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The _____ is a strong, muscular _____ just a little over the size of a _____.
heart, pump, fist
True or false
The heart pumps about 3,600 gallons of blood through the body in one day, and beats 100,000 times.
What is the position of the heart?
- The heart is close to the midline
- -the c enter is slightly to the left of the midline
- -About the same level as the nipples
- About the size and shape of a closed fist
- The pointed apex of the heart is inferior and rests on the diaphragm.
- The base of he heart is superior to the apex
Position of the the heart:
- the heart lies in a cavity called the mediastinum
- This consists of:
- -The thoracic cavity minus the pleural cavity (lungs and associated structures)
- -great vessels of the heart
- -the heart
The _______ is a membrane that covers and protects the heart.
This keeps the heart in place in the mediastinum, but gives it enough freedom to contract and beat.
Transesophageal Echocardiography (TEE)
- an ultrasound (sound wave picture) of the heart
- shows both cardiac anatomy and function
- By placing a transducer in the esophagus, physicians can get a picture of the heart that is unobstructed by tissues that limit conventional echocardiography
What are the layers of the Heart wall?
- The deepest layer of the heart wall
- consists of a thin layer of simple squamous epithelium (endothelium)over a thin layer of connective tissue
- This provides a smooth surface for the blood as it glows through the chambers and the valves of the heart.
- This helps prevent friction that may cause blood clots.
- The thick middle layer (muscular layer of the heart)
- Makes up 95% of the heart and is responsible for the pumping action.
- The thin outermost layer of the heart wall
- a delicate membrane of epithelial and connective tissue giving the heat a slippery covering
- This is synonymous with the visceral layer of the pericardial covering
The __________ can develop chronic infections with microorganisms that can lodge on the _____ _____ or the ____ of the heart. This is called endocarditis
endocardium, heart valves, wall
Risk factors for endocarditis
- heart defects
- degeneration of the valves
- transplanted heart valves
- Rheumatic fever
True or false
Dental cleaning can allow a small amount of bacteria to enter the blood stream.
Patients at risk of endocarditis should receive antibiotics prior to dental work.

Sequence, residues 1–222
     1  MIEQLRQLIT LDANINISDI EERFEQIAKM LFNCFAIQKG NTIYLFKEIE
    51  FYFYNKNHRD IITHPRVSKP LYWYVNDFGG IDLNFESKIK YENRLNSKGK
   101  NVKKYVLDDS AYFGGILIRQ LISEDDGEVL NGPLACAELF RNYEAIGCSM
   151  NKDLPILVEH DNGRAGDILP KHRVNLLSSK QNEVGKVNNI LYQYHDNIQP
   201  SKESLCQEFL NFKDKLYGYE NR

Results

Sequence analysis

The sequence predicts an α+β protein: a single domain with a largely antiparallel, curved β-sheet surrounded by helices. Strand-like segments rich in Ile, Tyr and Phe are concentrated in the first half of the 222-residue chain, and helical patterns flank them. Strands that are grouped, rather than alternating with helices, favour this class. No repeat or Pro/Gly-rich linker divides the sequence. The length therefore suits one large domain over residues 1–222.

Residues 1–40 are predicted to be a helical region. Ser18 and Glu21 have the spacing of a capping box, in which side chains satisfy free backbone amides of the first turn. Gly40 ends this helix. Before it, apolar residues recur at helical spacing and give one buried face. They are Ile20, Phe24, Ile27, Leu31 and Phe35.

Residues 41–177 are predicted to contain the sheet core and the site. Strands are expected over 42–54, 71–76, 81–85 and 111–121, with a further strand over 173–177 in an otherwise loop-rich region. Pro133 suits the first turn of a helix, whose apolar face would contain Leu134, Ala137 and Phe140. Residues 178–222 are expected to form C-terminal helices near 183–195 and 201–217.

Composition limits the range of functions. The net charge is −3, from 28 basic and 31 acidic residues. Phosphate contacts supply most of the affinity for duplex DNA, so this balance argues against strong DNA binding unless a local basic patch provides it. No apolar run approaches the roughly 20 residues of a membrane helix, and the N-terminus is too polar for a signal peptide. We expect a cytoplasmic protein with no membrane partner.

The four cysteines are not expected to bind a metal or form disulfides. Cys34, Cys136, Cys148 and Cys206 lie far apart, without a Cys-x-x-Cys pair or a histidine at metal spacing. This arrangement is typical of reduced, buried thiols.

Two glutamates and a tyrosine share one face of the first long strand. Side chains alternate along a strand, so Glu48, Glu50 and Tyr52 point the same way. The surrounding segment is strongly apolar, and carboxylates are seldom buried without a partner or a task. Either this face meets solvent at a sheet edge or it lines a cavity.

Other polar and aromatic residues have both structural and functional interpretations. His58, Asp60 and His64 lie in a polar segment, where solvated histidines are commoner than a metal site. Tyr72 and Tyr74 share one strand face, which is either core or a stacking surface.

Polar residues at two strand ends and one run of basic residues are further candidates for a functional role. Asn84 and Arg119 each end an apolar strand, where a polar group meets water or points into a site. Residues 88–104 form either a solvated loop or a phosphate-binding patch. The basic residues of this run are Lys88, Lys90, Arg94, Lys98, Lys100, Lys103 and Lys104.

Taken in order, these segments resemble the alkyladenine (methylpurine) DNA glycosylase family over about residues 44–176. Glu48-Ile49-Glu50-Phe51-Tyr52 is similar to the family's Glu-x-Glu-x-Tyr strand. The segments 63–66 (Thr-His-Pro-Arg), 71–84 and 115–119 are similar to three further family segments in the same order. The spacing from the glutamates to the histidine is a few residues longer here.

- surrounds and protects the heart
- consists of the serous pericardium and the and the outer most Fibrous pericardium
- see slide on p.757
- has two layers
- -visceral layer: synonymous with the epicardium
- -parietal layer: fused to the fibrous pericardium
- Pericardial fluid fills the cavity between the visceral and parietal layers
a tough dense connective tissue that precvents the heart from over expanding and anchors to the mediastinum
- and accumulation of excess fluid in the paricardial cavity
- this may occur due to infection, trauma, or myocardial infraction.
- The fluid puts pressure on the heart that may become great enough to prevent the it from pumping.
- This is called cardiac tamponade, and is life threatening.
Histologic features of Cardiac muscle tissue
- striated like skeletal muscle
- Unlike skeletal muscle cardiac fibers are shorter, branch, and have on central nucleus
- contain interculated discs for structural strength
- Gap junctions to synchronize muscle cell contraction
- plentiful mitochondria for energy:take up about 25%of the space in the cytosol compared to 2% in skeletal muscle.
What are the four chambers of the heart?
- Atria: superior protion of the heart, holding chambers for blood
- -right atrium
- -Left atrium
- Ventricles: inferior portion, pumps blood to lungs and body
- -Right ventricle
- -Left ventricle
This receives deoxygenated blood from the body
receives oxygenated blood from the lungs
- receives blood from the right atrium
- it pumps deoxygenated blood out to the lungs
- receives oxygenated blood from the left atrium
- it pumps oxygenated blood out to the body.
What are the four valves of the heart?
- Right atrioventricular valve (AV) tricuspid valve
- -right atrium --> right ventricle
- pulmonary semilunar valve
- -regulates blood flow: right ventricle --> pulmonary trunk
- Left atrioventricular valve (AV) mitral valve (bicuspid valve)
- -left atrium -->left ventricle
- aortic semilunar valve
- -regulates blood flow: left ventricle-->aorta
Atrioventricular valves (AV)
- control the flow of blood between the atria and the ventricles.
- these include:
- -Right atrioventricular or tricuspid valve
- -Left atrioventricular, bicuspid, or mital vlave
Semilunar (outflow) valves
- control the flow of blood leaving the heart from the ventricles.
- these include:
- -Pulmonary semilunar valve
- -Aortic semilunar valve
The valves of the heart operate _______. When enough pressure builds up behind a _____, it forces the valve open.
Valves prevent the backflow of blood. The are anchored in place by chordae teninae: chordlike tendons that are anchored to papillary muscles.
Functions of the Chambers:
Ventricles are pumping chambers
- right ventricle pumps short distance and against low pressure to the lungs
- Left ventricle pumps long distance and against large pressure to body
- Therefore, left ventricle muscle wall very thick compared to right.
Function of Valves
- Valves do not actively open; ratter they are pushed open by increased pressure
- chordae tendinae help keep valves in place
- Valves mainly act as "backflow preventers"